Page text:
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A Hundred Dead People In My Truck
A Hundred Dead People In My TruckRTÉ One, Tuesday 9th December 2008, 10.15pm

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The programme documents the American-born missionary priest who buries Haiti’s nameless dead to the strains of a brass band playing Verdi, and the inspiring work of two Irish women who have been battling to save the lives of its destitute poor.

A convoy of pick up trucks stacked high with cardboard coffins lurches its way through one of the world’s most dangerous slums; the trucks are carrying the bodies of up to 100 people; they are being taken to the outskirts of Port au Prince, the capital of Haiti, to be buried. The funeral service, which is repeated every Thursday morning, is both surreal and disturbing.

Haiti (pop. 9 million) is the poorest country in the Western hemisphere; it’s also one of the most violent. Food shortages have become severe that people have had to resort to eating “mud” pies. Three quarters of a million were made homeless by recent hurricanes and everywhere young and old live in fear of being kidnapped, tortured and brutally murdered.

In the middle of the chaos, two Irish women – Westport-born child care specialist, Gena Heraty, and Dr Louise Ivers, from Whitehall, in Dublin, a world expert in infectious disease - have been working for years in Haiti’s slums and in its near inaccessible mountainous interior to bring hope and help to the sick, the poor and those who live in near constant fear of death and starvation.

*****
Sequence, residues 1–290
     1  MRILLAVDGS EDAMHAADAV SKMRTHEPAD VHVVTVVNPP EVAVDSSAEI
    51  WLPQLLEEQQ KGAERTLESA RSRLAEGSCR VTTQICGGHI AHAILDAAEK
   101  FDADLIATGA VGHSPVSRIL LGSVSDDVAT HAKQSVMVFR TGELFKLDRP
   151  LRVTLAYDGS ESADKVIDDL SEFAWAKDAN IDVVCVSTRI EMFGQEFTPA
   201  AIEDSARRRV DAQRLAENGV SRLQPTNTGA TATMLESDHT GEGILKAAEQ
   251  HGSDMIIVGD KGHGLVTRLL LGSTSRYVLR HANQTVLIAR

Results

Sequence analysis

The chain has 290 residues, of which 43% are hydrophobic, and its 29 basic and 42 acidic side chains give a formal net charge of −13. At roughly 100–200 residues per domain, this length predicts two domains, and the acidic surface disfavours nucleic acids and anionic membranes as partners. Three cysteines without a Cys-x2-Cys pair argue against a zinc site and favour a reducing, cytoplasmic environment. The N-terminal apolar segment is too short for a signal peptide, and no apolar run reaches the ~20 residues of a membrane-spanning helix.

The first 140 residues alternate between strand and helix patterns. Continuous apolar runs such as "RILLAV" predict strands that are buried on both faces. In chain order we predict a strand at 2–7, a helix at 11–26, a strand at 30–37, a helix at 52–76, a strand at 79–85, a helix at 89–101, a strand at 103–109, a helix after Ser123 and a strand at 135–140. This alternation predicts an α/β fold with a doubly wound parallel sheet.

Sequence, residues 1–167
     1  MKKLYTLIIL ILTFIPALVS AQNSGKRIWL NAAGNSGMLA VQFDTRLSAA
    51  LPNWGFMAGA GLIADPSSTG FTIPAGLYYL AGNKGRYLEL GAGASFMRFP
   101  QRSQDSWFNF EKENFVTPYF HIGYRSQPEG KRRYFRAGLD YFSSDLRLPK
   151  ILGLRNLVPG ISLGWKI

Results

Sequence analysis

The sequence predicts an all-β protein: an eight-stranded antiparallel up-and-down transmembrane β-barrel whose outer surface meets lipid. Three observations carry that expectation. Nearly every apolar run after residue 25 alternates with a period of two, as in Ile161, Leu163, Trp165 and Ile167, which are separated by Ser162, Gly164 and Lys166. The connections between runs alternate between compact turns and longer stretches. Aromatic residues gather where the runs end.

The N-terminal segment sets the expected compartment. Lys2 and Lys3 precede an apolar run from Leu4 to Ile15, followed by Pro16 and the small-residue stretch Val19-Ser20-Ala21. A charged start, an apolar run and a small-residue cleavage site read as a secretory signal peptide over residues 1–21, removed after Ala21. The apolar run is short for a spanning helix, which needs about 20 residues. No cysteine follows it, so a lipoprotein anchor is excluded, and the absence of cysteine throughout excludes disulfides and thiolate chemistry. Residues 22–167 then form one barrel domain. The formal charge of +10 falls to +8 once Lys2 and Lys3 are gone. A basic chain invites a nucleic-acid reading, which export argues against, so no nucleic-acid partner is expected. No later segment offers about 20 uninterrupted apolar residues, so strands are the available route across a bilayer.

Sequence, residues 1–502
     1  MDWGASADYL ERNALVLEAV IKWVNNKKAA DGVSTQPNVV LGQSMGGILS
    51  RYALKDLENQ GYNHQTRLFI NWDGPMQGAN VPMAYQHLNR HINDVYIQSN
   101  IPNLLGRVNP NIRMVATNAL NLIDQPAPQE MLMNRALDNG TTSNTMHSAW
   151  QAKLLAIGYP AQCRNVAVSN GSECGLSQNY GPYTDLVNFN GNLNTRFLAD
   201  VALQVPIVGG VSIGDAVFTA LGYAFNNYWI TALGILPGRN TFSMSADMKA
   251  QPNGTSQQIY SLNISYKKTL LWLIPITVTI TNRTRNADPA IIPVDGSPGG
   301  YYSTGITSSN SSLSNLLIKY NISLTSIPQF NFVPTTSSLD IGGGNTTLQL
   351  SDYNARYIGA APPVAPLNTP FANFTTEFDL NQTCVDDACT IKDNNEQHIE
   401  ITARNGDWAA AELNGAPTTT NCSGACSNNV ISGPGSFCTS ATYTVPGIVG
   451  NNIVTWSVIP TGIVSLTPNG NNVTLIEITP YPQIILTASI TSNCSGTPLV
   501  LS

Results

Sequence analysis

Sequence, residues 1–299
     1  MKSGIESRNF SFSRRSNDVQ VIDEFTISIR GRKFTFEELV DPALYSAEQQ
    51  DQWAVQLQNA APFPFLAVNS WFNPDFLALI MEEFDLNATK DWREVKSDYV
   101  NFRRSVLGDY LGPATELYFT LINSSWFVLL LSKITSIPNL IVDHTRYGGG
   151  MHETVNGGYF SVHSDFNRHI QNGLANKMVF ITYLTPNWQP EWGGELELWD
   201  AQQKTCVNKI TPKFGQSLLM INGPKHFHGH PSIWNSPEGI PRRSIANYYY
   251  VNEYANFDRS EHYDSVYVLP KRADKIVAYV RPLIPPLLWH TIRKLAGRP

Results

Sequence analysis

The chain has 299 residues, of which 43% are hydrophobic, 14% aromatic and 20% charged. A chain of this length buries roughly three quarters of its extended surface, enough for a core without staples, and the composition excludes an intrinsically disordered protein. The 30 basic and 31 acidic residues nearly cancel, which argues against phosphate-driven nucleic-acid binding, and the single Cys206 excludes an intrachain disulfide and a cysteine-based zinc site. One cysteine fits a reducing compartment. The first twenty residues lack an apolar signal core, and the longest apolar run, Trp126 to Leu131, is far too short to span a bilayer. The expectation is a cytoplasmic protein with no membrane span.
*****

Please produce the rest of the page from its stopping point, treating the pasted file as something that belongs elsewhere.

Working alongside them as a doctor, hospital administrator, civil rights campaigner and frequent hostage negotiator is Fr Rick Frechette, a Passionist Priest, from Connecticut in the United States. To him life in Haiti has become “a nightmare which the entire world should be made aware of and should be trying to change”. He says a country that cannot even afford to bury its dead is “an affront to all of humanity”.

The documentary, produced by Caroline Bleahen and presented by Jim Fahy, takes it title from a remark by Fr Rick as he stacked  his truck with the bodies of  men, women and children.  The bodies were a tiny fraction of those which pile up each week in the morgue of the main hospital in the capital Port au Prince. Their families cannot afford to bury them but every Thursday Fr Rick and a team of volunteers take them to a valley ten kilometres from the city and lay them to rest.

Documentary produced and directed by Caroline Bleahen, reported by Jim Fahy.

Dr. Louise Ivers
Dr. Louise Ivers
Gina Heragty
Child care specialist Gina Heragty
Gina Heragty